The typical lender takes 30-90 days to process a short sale once you have an offer which could come right away or take 30+ days to get. Then there is a 30 day escrow period for the buyer to complete their inspections, get their loan in place and close the transaction. So, on an average transaction, you are looking at 3-6 months from start to finish. Depending upon the type and price range of property you have, the desirability of your neighborhood, and who your lenders are, it could take you a year or more to get through the short sale process, so do not wait.

What’s the rush?

The reason you will want to list right away rather than wait is because

The Mortgage Forgiveness Debt Relief Act and Debt Cancellation ends at the end of 2012!

According to the IRS website, http://www.irs.gov/individuals/article/0,,id=179414,00.html

 “If you owe a debt to someone else and they cancel or forgive that debt, the canceled amount may be taxable.”

“The Mortgage Debt Relief Act of 2007 generally allows taxpayers to exclude income from the discharge of debt on their principal residence.”

 This means that if you short sale your primary residence, then you should not have to pay taxes on the forgiven debt!

This provision applies to debt forgiven in calendar years 2007 through 2012. Up to $2 million of forgiven debt is eligible for this exclusion ($1 million if married filing separately). The exclusion does not apply if the discharge is due to services performed for the lender or any other reason not directly related to a decline in the home’s value or the taxpayer’s financial condition.”

Since the Act is set to expire at the end of 2012 and so far, I have not heard talks of extending it, probably due to the fact that the country needs the tax money, NOW is the time to short sale if that is the route you are considering taking. If you miss the end of the 2012 calendar year deadline and they do not extend the act, you may end up being responsible for paying taxes on all of the forgiven debt on your home if you short sale later or even let it foreclose. Yes, if you let you home foreclose, you may still owe taxes on the property.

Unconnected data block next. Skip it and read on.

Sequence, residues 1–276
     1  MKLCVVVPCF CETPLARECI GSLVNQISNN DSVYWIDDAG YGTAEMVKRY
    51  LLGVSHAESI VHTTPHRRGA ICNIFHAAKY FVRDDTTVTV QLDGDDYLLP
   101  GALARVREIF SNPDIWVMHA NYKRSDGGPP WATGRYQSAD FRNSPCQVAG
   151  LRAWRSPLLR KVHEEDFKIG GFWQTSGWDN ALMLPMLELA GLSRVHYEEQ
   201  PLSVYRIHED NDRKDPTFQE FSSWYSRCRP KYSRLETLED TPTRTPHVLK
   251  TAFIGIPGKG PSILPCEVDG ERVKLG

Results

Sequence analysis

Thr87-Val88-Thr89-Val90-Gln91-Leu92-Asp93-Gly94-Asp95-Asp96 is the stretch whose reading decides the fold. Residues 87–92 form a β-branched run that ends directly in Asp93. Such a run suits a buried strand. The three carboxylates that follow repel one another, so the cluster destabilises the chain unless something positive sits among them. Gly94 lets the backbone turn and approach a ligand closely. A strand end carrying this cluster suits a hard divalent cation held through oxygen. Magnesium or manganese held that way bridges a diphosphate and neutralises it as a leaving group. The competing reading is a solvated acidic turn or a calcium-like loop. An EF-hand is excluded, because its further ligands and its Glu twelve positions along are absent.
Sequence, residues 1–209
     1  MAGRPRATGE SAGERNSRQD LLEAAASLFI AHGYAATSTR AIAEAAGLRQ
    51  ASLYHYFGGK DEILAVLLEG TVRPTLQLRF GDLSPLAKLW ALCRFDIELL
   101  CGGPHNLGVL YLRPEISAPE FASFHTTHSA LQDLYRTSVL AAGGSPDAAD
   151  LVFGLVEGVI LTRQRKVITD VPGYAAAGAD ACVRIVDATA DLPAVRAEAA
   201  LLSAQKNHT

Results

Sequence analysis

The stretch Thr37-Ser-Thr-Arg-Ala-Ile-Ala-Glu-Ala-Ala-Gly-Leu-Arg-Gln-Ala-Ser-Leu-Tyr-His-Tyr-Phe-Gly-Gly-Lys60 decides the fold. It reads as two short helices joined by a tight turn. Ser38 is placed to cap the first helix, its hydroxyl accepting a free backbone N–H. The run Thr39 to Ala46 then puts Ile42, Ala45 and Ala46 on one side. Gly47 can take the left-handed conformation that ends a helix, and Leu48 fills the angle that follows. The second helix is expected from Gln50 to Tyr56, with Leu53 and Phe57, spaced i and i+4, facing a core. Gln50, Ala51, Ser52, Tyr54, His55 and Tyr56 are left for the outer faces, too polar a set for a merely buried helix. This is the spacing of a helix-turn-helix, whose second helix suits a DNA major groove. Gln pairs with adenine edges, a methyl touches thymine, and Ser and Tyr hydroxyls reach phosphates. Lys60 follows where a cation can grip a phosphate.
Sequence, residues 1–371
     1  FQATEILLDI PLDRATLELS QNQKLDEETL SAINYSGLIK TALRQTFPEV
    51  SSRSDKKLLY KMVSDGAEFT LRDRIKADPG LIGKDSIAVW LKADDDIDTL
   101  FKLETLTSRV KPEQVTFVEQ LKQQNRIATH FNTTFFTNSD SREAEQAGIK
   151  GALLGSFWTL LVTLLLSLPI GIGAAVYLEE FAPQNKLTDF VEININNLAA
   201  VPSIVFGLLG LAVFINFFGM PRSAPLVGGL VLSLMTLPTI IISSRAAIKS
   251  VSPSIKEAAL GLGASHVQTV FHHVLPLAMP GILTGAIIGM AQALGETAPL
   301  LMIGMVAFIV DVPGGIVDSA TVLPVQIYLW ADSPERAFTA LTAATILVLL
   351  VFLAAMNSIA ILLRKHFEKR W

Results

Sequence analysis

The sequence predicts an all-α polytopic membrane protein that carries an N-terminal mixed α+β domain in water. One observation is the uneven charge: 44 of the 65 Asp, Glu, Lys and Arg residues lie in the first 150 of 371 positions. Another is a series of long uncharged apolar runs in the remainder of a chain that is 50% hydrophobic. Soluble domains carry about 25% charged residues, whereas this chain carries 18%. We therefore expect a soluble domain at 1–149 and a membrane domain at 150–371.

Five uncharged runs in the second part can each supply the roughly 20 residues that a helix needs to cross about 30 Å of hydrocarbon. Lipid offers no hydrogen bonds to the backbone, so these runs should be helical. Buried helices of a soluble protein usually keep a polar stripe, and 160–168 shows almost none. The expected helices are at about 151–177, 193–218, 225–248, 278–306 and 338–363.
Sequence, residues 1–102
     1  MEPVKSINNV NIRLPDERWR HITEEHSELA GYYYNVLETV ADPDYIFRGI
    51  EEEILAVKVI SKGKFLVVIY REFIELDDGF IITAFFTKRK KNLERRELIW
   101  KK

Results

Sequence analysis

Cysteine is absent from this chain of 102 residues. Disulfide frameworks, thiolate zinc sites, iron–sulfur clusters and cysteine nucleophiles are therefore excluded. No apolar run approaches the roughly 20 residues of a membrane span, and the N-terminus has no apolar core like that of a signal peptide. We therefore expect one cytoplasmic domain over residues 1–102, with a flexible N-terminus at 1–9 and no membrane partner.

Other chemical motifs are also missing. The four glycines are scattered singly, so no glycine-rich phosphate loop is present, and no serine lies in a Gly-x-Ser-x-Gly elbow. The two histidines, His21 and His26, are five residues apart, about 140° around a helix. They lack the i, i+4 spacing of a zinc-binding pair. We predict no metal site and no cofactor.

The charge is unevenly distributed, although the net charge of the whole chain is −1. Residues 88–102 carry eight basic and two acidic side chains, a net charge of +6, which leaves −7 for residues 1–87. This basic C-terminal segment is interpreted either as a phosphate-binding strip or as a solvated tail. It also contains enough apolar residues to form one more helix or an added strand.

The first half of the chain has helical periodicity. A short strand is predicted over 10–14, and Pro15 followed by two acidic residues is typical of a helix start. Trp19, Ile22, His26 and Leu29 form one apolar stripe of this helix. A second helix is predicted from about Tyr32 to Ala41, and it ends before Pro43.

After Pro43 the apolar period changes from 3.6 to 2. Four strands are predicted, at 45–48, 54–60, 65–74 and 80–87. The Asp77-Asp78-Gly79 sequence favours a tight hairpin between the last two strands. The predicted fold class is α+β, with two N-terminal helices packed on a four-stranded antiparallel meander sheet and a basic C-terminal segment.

Most people cannot afford to pay taxes on an extra $100,000 or more of  “income,” especially when that income is only on paper via the 1099 that the lender will issue to you and not actual money deposited into your account.

I have been listing and processing short sales for 5 years, before most agents even knew what they were, and have successfully closed so many short sales that I have earned the designation of Short Sale Genius Elite Master. I am also HAFA certified so that I can assist people who qualify for the HAFA program short sale their homes and receive up to $3,000 to assist with moving costs.

I have been doing short sales so long that I have already started helping past short sale clients purchase new homes!

I provide free short sale consultations for people who are considering short selling their home or investment properties. Whether you just want to learn more about what a short sale is, what some of the alternatives you may have to doing a short sale, or if you are ready for us to meet for me to list your home, I would be happy to talk to you. Feel free to give me a call at 925-289-1432 or send me a message through my blog and I will be happy to discuss your situation with you.